Department Event Calendars

Calendar of Events

For individuals with disabilities requiring special accommodations, please contact the Department hosting the event within a minimum of 5 days prior to the program or service so that proper consideration may be given to the request.

Series and Recurring Events

2016—2017 Year

Speaker Series: Death: Confronting the Great Divide
Center for Humanities and the Public Sphere

Drawing on both historical and contemporary examples, invited speakers in this eight-part series will draw our attention to the inevitability of the end facing all living creatures, the various ways in which humans have learned to live with knowledge of their mortality, and how bereavement rituals impact our environment and community. With input from scholars in a range of disciplines, including scholars of history, religion, environmental studies, Latin American studies, history of medicine,and art history, the series reveals how learning in the humanities can help us better understand one of the most integral parts of life: the end of life.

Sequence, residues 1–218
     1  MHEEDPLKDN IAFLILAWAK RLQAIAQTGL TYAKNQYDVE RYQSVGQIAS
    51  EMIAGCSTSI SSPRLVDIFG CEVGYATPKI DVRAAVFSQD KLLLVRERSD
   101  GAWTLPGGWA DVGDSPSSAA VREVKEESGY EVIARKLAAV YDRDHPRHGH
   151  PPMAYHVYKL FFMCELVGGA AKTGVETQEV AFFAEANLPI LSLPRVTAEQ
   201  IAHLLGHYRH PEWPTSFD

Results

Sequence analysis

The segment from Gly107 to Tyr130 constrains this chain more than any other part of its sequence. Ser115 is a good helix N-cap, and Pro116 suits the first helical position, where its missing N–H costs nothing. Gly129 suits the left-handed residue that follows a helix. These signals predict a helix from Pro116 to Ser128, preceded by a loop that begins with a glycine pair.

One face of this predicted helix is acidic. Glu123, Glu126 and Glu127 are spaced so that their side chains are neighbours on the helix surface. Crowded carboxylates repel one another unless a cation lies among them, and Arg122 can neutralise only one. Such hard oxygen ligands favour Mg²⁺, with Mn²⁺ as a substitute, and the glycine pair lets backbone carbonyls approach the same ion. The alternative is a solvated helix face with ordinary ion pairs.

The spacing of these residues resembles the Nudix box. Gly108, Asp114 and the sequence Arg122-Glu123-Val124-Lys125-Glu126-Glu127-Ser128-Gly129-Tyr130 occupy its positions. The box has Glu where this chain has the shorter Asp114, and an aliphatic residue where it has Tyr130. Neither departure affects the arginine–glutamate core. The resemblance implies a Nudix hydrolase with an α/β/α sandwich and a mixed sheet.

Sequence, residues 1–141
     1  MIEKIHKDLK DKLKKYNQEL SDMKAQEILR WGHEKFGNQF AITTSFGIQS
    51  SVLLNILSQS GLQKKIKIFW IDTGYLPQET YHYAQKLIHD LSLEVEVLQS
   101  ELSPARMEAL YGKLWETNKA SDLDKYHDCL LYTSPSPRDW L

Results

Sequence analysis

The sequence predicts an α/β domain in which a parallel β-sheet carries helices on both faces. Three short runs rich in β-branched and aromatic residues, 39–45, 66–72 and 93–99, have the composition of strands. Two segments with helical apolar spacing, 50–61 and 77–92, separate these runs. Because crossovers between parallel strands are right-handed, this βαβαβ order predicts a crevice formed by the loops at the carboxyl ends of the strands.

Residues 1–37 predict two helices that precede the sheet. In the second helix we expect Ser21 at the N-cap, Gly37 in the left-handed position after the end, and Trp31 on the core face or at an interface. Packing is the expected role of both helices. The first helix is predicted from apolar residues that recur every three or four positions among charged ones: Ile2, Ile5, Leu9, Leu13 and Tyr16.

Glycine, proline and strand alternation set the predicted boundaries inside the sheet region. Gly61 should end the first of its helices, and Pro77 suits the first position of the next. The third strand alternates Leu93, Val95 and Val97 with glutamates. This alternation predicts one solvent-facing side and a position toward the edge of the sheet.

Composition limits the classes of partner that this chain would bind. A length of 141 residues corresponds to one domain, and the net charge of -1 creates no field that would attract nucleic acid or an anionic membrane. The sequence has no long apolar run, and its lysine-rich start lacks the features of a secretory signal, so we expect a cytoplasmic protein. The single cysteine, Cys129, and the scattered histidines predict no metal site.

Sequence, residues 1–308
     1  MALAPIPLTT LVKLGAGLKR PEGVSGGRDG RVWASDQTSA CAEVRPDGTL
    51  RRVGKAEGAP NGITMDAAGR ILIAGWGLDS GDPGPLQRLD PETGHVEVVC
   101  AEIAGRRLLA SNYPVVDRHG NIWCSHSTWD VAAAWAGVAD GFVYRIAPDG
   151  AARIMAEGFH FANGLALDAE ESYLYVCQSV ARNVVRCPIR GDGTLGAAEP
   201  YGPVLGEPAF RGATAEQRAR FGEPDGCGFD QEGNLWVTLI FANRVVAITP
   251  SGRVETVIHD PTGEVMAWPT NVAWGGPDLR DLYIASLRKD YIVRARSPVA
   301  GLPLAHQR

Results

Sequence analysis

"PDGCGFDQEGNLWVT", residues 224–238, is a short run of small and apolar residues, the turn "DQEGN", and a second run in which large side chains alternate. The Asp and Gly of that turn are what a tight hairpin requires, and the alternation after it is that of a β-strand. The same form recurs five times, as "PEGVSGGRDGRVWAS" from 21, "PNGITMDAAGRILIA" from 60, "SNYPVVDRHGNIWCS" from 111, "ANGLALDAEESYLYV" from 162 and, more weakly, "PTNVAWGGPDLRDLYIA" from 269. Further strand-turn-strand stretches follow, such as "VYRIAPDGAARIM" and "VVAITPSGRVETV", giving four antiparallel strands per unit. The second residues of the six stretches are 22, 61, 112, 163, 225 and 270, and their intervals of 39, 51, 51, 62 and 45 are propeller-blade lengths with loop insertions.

This event is free and open to the public and includes time afterward for questions and discussion.

Workshop Series: Diversity Dialogue
Multicultural and Diversity Affairs
All events are 4–5:30pm in Reitz Union: Room 2201

Non-recurring Events

January 2017

Film Screening: Cinemuse: Selfie With Sokurov and Aleksander Sokurov: Francofonia
Dragan Kujundzic, professor of Jewish Studies, UF
Tues. Jan. 10, 4:00pm–7:30pm, The Harn Museum
Center for Jewish Studies and Center for European Studies

Film screenings and discussion of the work of Russian filmmaker Aleksander Sokurov, including an interview and Sokurov's Francofonia. Discussion with Professor Dragan Kujundzic, UF.

More information (PDF)

Fair: Study Abroad Showcase
Thurs. Jan. 12, 12:00pm–2:00pm, Reitz Union: Room 2203
UF International Center and Multicultural & Diversity Affairs

Come and meet study abroad advisors, learn about study abroad programs, financial aid & scholarships, peace corps, and international scholars opportunities.